“You [police officers] have to understand who you’re talking to,” Bower said. “You have to understand their culture. You have to understand their family. You have to understand how they were brought up. There are just numerous things that come into play. It’s not just I contact you and we have an interaction and that’s the end of it.”
Although crime in Hudson has declined over the years, the police department should not cut officers, Bower said.
“We have progressively changed how this city is run, the way the crime is, the way things happen here — it’s a very safe city now,” Bower said. “But the problem is, things are always running in cycles. Because we’re at a good point, this is not the opportunity to strip the department of people because of the numbers.”
Instead of cutting positions, officers can work more with community relations and youth, Bower said.
He also said he understands the city is financially strained because of COVID-19, and the police, like other departments, can make financial cuts.
“I’m also a firm believer that there’s always spots within departments, within the agencies, that things can be scaled down,” he said. “And I think that at this point, especially with COVID. I think that the department needs to give just as much as any of the other agencies to make the financial burden lighter on the city.”
Addressing the recently proposed Hudson Breathe Act, a police reform plan proposed by Citizens of Hudson at the city’s legal committee meeting last week, Bower said he is reviewing it.
“I’m 100% for better training for officers to work better with the community,” Bower said. “To me, some of the issues — the no chokehold, the no kneeling — those things are not something that are done anyway in my entire career that I was here. That’s just not something that is done.”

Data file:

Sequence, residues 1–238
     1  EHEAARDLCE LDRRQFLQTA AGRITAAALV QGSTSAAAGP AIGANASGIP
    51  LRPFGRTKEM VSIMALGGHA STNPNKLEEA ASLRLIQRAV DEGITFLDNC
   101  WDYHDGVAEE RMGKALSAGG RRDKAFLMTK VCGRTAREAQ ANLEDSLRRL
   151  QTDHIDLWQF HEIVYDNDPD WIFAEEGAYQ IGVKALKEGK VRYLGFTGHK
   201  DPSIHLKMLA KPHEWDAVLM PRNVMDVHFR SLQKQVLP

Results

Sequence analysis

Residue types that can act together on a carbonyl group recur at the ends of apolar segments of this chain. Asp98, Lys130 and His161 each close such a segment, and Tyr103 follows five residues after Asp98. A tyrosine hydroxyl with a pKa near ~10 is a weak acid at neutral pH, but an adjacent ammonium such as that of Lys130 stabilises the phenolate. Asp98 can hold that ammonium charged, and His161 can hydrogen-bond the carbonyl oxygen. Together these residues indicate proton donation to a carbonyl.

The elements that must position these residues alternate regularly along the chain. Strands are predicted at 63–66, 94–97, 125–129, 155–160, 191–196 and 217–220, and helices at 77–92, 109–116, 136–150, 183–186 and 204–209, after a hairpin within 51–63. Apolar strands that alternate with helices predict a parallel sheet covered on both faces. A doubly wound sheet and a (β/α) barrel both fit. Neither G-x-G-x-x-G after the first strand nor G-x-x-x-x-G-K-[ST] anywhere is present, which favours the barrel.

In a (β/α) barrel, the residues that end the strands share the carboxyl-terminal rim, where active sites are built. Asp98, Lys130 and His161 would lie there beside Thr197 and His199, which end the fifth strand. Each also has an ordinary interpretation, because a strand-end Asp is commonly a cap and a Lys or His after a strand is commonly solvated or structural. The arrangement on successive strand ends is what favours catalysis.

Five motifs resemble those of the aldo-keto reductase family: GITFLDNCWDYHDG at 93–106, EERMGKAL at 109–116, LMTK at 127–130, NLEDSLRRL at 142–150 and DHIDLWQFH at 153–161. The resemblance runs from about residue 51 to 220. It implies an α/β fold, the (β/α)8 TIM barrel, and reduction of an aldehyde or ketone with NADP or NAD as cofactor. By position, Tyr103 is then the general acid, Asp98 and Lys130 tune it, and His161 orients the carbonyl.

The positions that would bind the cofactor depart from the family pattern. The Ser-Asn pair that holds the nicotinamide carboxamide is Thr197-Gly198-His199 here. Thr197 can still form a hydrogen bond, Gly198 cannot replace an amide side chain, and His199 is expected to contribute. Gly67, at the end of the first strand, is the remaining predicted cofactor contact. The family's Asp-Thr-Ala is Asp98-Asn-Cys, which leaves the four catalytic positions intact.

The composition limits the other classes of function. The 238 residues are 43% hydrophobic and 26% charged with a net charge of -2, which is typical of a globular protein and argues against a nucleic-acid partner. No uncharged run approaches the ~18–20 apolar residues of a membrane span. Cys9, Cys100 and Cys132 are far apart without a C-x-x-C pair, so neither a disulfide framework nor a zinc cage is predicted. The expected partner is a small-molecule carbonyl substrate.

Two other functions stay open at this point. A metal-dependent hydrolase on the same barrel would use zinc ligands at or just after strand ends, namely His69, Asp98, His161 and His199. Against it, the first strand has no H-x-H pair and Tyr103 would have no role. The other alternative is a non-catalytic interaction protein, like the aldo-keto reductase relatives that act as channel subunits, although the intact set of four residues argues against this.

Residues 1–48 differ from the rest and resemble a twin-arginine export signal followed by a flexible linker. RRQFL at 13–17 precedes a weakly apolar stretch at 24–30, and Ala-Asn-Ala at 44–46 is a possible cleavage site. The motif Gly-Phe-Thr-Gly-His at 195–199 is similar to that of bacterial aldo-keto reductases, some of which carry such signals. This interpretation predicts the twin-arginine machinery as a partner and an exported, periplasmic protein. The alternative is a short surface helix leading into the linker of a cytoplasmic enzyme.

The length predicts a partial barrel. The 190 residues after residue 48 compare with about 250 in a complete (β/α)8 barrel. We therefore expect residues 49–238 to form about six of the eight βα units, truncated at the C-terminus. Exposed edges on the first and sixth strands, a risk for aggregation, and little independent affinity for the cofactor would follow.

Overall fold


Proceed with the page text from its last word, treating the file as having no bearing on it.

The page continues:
He said Hudson hasn’t faced some of the problems the proposal would address.
“The problems that they are bringing here are not here,” Bower said. “That’s my issue with some of it [the Breathe Act]. We are not Minnesota. We are not these agencies that have these problems. You look at the track record of the police department, these things don’t happen. Are there personal complaints? Absolutely. Not everybody’s going to approve of or get along with what an officer does. But we don’t have the type of, I guess, overall systematic issues that a lot of other departments have. We’re a small agency that most everybody polices each other.”
Johnson said he wants to prevent national policing issues from occurring in Hudson, and Bower agreed Hudson should be proactive.
“I think we have a problem throughout the nation and that the system is broken,” Johnson said. “Typically, it doesn’t always work for people of color and people of lower socioeconomic means. I think for us, we need to all be at the table and getting a better understanding. We both come with those different experiences and being at the table together instead of dividing the lines makes things a lot more smoother,” Johnson said.
Bower said he understands he has a different life experience than Johnson.
“I like the challenge of learning. I want to learn,” Bower said. “I’ve bounced things off of him [Johnson] before because I sure don’t want to say the wrong thing and come across the wrong way when that’s not at all what I mean. I think it’s a matter of learning and I think that’s huge.”